When I was a kid, I grew up playing Super Mario Bros on my first ever games console – the NES. I’ve recently rediscovered it with an online emulator as I’ve been trying to show my daughter a little about what Daddy used to do as a child! It was a fun, albeit frustrating game: every time you completed a level, after defeating the final boss you’d get told: “Thank you Mario! But our princess is in another castle!”

It’s funny, looking back, just how dated it seems. I’m not talking about the 80s graphics and audio quality, I’m talking about the whole concept of rescuing a princess. I think it’s highly unlikely today that you’d find a game which had such a stereotypical view of men and women. These days you’re more likely to find strong female characters – in fact, I think it’s almost obligatory to have strong female role models in just about everything. The main aim seems to be to subvert the stereotype – perhaps a princess rescuing a prince.

It’s funny how things have changed so much since the 80s. These days, just for one example, we have the UK Advertising Watchdog banning gender stereotypes, and some schools are experimenting with essentially eradicating the difference between boys and girls. There is also a growing concern about so-called toxic masculinity (as I wrote about recently).

So what’s the problem? I’m wondering if society has thrown the baby out with the bathwater. Stereotypes are, after all, there for a reason – there is a reality they are based upon: they don’t simply fall out of the air! Men and women do tend to behave in certain ways – even if they don’t always have to behave like that, or there are plenty of counter examples.

One of the things I’ve been thinking about lately is the issue of strength. Strength is traditionally seen as a more masculine thing: men are physically stronger (I saw a study recently which concluded that, on average, Caucasian women had about 1/3 of the upper body strength of men, and Asian women had about 2/3 of the upper body strength of men.) And, simply from observation, I think there is a sense in which men are ‘stronger’ in some senses of personality. (If you want a longer form read on this, you should read Alistair Robert’s blog from a few years ago: Why we should jettison the “Strong Female Character”.)

The Bible does speak a little about these things. One passage which is very ‘un-PC’ is 1 Peter 3:

Husbands, in the same way be considerate as you live with your wives, and treat them with respect as the weaker partner and as heirs with you of the gracious gift of life, so that nothing will hinder your prayers.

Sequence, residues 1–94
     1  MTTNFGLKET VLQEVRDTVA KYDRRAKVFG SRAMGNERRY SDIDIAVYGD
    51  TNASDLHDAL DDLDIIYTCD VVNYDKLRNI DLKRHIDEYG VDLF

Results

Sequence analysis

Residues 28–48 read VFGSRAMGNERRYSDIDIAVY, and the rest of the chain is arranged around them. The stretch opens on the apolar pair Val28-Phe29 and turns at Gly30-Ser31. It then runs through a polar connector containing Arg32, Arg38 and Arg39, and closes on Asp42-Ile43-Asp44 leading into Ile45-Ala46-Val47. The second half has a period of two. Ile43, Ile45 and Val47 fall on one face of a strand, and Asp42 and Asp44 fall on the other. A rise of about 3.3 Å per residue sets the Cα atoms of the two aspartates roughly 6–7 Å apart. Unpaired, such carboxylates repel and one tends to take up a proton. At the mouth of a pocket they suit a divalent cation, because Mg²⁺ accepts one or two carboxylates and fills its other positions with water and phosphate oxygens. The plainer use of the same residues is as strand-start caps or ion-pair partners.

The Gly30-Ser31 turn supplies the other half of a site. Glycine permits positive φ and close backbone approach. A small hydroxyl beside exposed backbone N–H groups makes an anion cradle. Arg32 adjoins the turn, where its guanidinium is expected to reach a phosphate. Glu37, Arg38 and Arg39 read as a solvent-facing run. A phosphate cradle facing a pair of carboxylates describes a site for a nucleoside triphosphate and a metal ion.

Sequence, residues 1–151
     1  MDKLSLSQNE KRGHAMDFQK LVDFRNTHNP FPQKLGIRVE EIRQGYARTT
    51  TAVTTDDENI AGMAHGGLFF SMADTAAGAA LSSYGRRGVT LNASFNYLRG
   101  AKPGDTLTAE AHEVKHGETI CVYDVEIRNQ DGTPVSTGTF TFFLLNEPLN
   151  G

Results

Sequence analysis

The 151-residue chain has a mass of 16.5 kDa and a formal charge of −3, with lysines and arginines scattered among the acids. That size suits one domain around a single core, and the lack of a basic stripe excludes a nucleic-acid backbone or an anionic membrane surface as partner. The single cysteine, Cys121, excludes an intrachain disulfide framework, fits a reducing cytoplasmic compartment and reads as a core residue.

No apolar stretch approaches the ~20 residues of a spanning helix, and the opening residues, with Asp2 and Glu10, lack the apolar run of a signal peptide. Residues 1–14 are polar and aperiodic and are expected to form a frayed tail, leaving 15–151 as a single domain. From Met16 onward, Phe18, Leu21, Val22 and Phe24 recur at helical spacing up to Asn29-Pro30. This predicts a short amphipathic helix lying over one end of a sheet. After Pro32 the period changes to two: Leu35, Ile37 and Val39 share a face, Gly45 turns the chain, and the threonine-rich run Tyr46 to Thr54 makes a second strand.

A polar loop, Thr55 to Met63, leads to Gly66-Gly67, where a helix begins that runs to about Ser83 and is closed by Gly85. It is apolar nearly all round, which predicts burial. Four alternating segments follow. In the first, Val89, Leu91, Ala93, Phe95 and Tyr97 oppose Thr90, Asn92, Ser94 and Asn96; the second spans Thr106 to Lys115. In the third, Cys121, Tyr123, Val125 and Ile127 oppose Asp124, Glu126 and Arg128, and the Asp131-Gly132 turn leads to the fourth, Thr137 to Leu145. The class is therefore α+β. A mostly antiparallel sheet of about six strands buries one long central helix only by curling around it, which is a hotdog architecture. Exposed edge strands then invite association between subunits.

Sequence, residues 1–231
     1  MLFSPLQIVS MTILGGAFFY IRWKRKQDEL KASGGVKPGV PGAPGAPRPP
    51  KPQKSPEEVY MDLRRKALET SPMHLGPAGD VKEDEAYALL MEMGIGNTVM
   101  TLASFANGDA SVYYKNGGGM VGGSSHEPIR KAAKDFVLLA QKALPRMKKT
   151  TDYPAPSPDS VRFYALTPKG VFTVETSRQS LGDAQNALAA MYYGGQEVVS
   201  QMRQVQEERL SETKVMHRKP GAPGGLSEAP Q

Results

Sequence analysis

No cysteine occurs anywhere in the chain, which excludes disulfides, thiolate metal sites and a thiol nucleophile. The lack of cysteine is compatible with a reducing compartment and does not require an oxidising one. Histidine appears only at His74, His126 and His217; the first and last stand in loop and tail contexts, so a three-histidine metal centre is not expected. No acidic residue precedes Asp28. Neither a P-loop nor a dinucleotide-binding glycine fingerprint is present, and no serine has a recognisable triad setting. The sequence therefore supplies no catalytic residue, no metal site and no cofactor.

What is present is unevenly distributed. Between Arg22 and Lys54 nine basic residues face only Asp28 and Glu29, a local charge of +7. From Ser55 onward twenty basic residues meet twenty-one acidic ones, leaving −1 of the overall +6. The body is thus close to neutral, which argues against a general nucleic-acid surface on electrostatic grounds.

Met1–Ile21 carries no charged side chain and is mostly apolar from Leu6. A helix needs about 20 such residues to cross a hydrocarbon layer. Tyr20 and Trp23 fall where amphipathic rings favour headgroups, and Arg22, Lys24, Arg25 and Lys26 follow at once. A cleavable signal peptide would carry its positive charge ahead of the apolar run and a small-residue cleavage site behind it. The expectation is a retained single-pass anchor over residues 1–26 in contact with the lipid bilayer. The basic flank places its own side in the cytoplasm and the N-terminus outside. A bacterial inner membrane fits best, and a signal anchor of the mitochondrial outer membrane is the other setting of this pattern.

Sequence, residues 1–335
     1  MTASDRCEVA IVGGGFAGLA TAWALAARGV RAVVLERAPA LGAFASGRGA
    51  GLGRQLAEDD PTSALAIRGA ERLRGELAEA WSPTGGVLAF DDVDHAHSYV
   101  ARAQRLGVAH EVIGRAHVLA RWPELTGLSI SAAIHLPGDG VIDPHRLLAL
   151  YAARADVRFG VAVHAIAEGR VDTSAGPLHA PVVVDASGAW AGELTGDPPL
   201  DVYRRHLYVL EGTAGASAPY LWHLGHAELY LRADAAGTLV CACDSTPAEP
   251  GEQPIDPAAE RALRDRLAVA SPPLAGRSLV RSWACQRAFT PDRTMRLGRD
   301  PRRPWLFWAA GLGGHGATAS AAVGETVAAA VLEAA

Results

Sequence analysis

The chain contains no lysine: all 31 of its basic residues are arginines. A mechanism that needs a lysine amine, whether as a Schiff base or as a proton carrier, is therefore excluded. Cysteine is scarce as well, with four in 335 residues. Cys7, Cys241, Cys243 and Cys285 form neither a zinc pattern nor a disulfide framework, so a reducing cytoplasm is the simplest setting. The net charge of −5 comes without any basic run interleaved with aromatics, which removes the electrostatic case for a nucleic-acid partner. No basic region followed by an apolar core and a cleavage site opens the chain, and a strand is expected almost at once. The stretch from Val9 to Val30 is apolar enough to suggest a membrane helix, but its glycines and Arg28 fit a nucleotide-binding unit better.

1 Peter 3:7

What exactly does Peter mean by ‘the weaker partner’? He doesn’t spell it out – but I think his words do resonate for me as a man who has been married for 12 years now. Even if I can’t describe exactly what that means!

I do think there is a sense, from the Bible, in which men are supposed to use their strength – whatever that may entail (physical or otherwise) in order to protect and care for those who are weaker. The Bible often talks about protection of “the fatherless and the widow” – vulnerable women and children.

I’ve been thinking about this and wondering whether this role has largely disappeared from society, certainly in terms of the way things are portrayed in the media. Are there many strong male characters any more, taking the traditional role of caring for women and children? Do men have positive role models to look up to in this respect?

As I said in my previous post about toxic masculinity – if men don’t have positive role models and examples, if masculinity is not seen in any way to be a positive thing, are we setting ourselves up for a problem? If society doesn’t want to acknowledge some basic facts about men and women, does that give men a licence to abuse because they don’t see anything better? I’m not trying to excuse men from responsibility, but – it strikes me that society may be in the process of shooting itself in the foot (again).

I don’t think there are any easy answers here, but I’d like to suggest a couple of questions to think about. (Answers on a postcard…)

  1. How could we promote a positive vision for masculinity and strength without resorting to ‘rescuing the princess’? Is there a way of portraying masculinity in a modern, positive way without stereotyping?
  2. Friend Zone is about friendship between men and women. How do those understandings of men and women, masculinity and femininity, work themselves out in friendship? Especially when we think about things like strength and weakness?